Are we proud of our past as we celebrate 50th anniversary of Independence?

12th July 2016
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By Moreri Gabakgore


It’s mind-boggling to think about an acceptable answer to this question without evoking unforgiving memories of the past, such as the unemployment rate at 20.0 percent and poverty levels estimated at 20 percent together with high income inequality. 

In the public service, it is the new Public Service Act which has become an administrative debacle, ruffling up the relationship between the government and public officers with trade unions at the center.  The unresolved and controversial public service salary increase is another with a dehumanizing effect on public officers that tend to affect their performance.

Another area of concern as we celebrate our Golden Jubilee is that of communities in the country, which feel neglected because their languages are not recognized.  These communities may not sing the chorus of self-congratulation on 30th September because they feel marginalized.   They however accept the notion that Setswana is the language of national unity and cultural identity, but want to be identified by their own language to uphold their cultural values.
The recognition of Wayeyi as a tribe by government recently, is a step in the right direction, although it may not be perceived well by Batawana as it could lead to the issue of tribal territory boundaries between the two tribes. 

Wayeyi have been very vocal about their identity as a tribe and now that they have won the battle, they may push for their language to be recognized.  This would call for a long awaited review of the National Language Policy to accommodate other languages that government may recognize as official languages.
Recently, Professor Thapelo Otlogetswe of the University of Botswana said on Gabz FM that there are 29 languages in Botswana spoken within a population of 2.2 million people.  He suggested that rather than pushing for these languages to be taught in schools, we should advocate for them to be preserved and developed, because he said, the classroom setting is not viable as it is being purported. 

He advised that Setswana should also be economically empowered to become a language of business like Chinese.  In the same vein, Herman Batibo says in his research paper, that Setswana like any other language, should be empowered to meet new usage as it grows and must be given economic power to survive the test of time.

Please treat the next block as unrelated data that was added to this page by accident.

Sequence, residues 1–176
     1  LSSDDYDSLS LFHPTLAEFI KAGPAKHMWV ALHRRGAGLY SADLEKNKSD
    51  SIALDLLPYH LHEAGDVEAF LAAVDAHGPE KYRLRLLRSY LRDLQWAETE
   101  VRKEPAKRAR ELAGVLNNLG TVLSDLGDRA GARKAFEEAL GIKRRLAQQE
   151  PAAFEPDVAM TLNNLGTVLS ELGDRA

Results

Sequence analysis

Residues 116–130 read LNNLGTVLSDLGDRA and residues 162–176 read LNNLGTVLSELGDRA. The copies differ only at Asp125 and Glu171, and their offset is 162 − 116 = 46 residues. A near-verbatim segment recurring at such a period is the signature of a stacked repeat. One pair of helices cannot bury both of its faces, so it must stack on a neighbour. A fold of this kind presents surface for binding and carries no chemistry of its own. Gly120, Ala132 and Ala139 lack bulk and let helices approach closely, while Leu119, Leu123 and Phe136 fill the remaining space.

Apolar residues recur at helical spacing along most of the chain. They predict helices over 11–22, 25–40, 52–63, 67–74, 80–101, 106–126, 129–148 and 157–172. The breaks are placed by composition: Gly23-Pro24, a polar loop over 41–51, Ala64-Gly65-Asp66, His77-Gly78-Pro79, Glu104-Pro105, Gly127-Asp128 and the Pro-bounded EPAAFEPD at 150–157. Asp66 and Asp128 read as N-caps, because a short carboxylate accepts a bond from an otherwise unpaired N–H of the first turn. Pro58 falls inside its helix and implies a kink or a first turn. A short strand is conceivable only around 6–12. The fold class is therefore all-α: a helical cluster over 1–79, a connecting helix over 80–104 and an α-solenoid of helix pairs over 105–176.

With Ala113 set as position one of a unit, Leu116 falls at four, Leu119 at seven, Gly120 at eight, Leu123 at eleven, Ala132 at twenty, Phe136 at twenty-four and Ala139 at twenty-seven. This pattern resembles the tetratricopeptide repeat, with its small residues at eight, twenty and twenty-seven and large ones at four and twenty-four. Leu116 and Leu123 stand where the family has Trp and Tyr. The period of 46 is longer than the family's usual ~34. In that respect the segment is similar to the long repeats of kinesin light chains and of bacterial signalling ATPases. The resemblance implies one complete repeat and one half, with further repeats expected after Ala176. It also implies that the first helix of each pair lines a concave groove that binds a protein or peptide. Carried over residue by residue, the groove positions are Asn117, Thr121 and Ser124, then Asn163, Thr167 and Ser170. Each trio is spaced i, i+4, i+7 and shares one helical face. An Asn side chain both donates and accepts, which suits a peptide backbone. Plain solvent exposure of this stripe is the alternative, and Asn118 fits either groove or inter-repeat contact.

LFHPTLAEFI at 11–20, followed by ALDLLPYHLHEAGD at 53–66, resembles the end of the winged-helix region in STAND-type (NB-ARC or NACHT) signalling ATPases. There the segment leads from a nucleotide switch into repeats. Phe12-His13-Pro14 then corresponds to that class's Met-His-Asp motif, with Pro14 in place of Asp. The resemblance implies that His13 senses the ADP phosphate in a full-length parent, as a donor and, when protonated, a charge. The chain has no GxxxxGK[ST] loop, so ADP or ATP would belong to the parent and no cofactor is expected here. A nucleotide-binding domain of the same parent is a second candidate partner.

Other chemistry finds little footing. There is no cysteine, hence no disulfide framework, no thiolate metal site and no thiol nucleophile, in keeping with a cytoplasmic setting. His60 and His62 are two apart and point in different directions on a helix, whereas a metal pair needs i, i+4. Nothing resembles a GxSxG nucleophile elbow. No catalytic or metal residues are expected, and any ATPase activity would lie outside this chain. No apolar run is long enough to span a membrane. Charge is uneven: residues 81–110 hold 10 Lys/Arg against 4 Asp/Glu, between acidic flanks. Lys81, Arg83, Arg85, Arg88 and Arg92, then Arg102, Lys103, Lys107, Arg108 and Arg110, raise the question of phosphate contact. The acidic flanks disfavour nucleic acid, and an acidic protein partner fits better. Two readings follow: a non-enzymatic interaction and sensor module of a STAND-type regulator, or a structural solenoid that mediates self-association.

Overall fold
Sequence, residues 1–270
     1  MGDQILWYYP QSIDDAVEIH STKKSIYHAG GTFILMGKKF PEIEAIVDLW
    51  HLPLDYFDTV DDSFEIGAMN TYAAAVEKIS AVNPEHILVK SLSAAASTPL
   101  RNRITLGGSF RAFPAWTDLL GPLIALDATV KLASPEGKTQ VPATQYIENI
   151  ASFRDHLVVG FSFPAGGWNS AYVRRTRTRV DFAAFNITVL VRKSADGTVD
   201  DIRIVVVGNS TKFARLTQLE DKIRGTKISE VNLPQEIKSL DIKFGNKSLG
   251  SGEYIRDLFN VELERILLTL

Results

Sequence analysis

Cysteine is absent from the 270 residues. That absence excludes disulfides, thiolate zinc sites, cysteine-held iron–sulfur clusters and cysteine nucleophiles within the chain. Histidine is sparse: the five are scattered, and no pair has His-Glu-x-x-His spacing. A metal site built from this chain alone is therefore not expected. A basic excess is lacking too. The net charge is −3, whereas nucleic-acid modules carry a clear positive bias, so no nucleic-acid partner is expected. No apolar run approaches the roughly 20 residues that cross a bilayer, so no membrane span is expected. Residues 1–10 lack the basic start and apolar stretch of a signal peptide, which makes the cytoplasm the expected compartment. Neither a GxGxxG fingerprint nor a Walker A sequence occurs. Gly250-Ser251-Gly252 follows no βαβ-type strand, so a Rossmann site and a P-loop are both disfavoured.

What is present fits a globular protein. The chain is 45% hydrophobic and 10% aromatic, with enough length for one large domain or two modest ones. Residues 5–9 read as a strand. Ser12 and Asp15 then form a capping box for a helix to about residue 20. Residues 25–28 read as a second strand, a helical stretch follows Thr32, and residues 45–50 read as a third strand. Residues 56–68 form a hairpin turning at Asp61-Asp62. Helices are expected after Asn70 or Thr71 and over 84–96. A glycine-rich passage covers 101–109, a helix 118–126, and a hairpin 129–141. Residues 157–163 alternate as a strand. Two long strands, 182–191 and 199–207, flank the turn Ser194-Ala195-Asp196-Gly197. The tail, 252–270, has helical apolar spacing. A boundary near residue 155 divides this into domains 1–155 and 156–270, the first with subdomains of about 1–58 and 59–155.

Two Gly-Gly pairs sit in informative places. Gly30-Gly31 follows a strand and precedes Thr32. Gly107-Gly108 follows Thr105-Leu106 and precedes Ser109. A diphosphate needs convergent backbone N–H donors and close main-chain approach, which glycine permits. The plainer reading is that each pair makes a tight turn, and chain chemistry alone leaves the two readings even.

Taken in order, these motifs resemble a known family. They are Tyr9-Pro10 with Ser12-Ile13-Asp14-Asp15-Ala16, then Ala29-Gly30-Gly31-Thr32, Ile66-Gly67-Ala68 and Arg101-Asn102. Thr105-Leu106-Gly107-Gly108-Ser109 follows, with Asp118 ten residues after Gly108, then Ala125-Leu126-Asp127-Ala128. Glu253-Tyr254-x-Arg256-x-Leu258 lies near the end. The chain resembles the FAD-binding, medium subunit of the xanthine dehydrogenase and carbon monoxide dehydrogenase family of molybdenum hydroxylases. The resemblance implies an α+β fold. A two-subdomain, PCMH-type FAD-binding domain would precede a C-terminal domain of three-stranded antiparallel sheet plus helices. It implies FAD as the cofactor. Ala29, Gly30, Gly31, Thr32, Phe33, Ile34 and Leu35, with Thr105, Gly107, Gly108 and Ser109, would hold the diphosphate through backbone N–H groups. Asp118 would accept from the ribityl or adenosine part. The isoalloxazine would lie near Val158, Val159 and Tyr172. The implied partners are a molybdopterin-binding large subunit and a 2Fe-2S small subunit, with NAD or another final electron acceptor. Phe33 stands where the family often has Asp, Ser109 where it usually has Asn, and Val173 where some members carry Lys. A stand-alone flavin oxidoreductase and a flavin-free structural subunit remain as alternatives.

He says there should be a review of the national language policy, adding that the review should also help to standardize Setswana by establishing an effective National Language Council that should be given a mandate to standardize Setswana orthography which is now the biggest problem that contributes to the demise of the language.  The current Setswana orthography is based on a revised version of 1981 by the National Setswana Language Council and grammar by Cole in 1955.

Unfortunately, most Batswana do not know the current Setswana orthography and write Setswana as they speak, using different dialects and English colloquially.  Setswana has a number of dialects, but sadly none of them has been used as a basis for standard Setswana to become an important instrument of communication. 

It would also appear that Setswana is not growing like other languages and instead it is being enriched with foreign concepts devoid of Setswana cultural values.  Even Setswana publishing companies in South Africa, including the local Mmegi Publishers, are now not publishing because there is no market for Setswana readership.  Manuscripts by Setswana authors are collecting dust in shelves and this leads to a situation of Botswana becoming a nation without the past.